7. The level of commonality in the design (e.g., if there are multiple identical operating units, then we can copy the results from the first unit to the other units without extensive discussion). A good tool helps here.
  8. The extent of rationalization rules and “go-bys” defined in the alarm philosophy document. Some alarms, especially “diagnostic” alarms, can be best rationalized by following a rule that applies across-the-board to similar alarms. This minimizes time and drives consistency.
  9. The level of rationalization. Not all steps of the rationalization need to be done at once. It often makes sense to discuss advanced alarming requirements in a separate session. Alarm deadbands and on/off delays can be reviewed as needed outside of the rationalization workshop.

Wow, that’s a lot of factors to think about. In terms of the number of alarms, I was told the operators get 1000 alarms / day.

Actually, that’s not the right number to use. We need to look into the configuration to see how many alarms are possible (configured or configurable), not in the history database to see how many alarms the operator gets.

Okay. Looks like we have approximately 10,000 total alarms. That means it would take 50 to 100 days (10 – 20 weeks). Yikes!

Yes, that is way too conservative. The 100-200 alarms per 8 hour day applies to a system where you have too many alarms enabled; rationalization will focus primarily on review and elimination of enabled alarms that are not needed. This means that the figure applies to Enabled alarms (those alarms that could activate if the trigger condition is satisfied). How many of your 10,000 total alarms are enabled (vs. disabled)?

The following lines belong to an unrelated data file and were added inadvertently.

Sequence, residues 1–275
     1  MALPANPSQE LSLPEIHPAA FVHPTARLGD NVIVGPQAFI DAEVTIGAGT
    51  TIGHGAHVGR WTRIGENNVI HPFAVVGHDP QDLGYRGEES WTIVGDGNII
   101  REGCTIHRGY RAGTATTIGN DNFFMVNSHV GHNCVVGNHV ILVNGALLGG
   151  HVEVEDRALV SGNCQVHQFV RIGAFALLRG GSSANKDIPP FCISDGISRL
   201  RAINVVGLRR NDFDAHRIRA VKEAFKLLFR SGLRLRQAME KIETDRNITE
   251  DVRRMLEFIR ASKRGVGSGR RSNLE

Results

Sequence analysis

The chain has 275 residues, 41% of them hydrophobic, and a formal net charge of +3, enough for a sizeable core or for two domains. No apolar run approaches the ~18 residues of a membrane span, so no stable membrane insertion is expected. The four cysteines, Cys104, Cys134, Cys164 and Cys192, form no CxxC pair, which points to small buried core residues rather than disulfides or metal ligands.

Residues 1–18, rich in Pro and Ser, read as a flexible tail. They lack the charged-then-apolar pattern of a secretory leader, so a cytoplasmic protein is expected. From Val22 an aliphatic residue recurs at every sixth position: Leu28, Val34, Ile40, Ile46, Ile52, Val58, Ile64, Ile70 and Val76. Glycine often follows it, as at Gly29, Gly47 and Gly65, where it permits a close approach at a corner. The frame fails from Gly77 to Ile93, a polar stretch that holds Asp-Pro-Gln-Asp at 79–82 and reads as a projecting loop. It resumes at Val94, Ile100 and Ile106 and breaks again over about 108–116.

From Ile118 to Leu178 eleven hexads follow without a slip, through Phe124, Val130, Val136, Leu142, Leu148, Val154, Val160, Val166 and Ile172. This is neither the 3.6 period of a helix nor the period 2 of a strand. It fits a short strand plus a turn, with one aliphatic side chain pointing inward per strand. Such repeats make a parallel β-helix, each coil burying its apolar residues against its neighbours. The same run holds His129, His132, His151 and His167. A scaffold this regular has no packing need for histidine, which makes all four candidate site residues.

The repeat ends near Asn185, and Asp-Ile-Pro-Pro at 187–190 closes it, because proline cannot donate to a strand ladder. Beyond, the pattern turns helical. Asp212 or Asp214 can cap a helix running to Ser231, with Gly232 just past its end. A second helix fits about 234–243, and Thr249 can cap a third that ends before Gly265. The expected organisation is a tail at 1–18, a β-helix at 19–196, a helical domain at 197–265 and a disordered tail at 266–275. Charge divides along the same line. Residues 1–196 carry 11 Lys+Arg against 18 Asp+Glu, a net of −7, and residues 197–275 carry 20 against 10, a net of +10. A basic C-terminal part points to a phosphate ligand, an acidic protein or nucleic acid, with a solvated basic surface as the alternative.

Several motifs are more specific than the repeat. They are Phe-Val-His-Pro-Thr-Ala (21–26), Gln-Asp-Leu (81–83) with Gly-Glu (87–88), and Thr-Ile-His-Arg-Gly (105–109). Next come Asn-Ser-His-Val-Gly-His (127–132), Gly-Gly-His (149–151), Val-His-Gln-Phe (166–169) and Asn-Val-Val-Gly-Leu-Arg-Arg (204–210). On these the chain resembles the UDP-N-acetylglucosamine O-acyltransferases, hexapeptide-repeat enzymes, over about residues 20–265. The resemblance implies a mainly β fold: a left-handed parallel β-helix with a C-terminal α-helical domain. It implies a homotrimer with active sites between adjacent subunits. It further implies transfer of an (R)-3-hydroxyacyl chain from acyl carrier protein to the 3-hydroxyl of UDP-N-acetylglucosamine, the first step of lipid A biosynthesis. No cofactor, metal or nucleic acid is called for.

Looking through the configuration file, I see that roughly 6000 of the alarms are Enabled (60%). If I split the difference and assume 150 Enabled alarms / day, that gives me 40 days (8 weeks) as the estimated duration.

Still kind of high. The fact that 60% of your alarms are Enabled could be what’s creating problems. We could get a better estimate if we know the breakdown of the types of alarms.

What do you mean types of alarms? I can run a pivot table to see like how many High and High-High alarms there are, is that what you mean?

Yes. Run the pivot table on all of your enabled alarms and let’s see what you get.

OK here it is. What does it mean? I don’t even know what some of these alarm types are used for!

Alarm Type



Hi, Lo, HiHi, LoLo, ROC


Process Alarm

Disc_ALM, Fail_ALM


Process Alarm

Invalid Mode,
Module Error,
SP Write Error,
PV Ignored Alarm,
PV Bad,


Diagnostic Alarm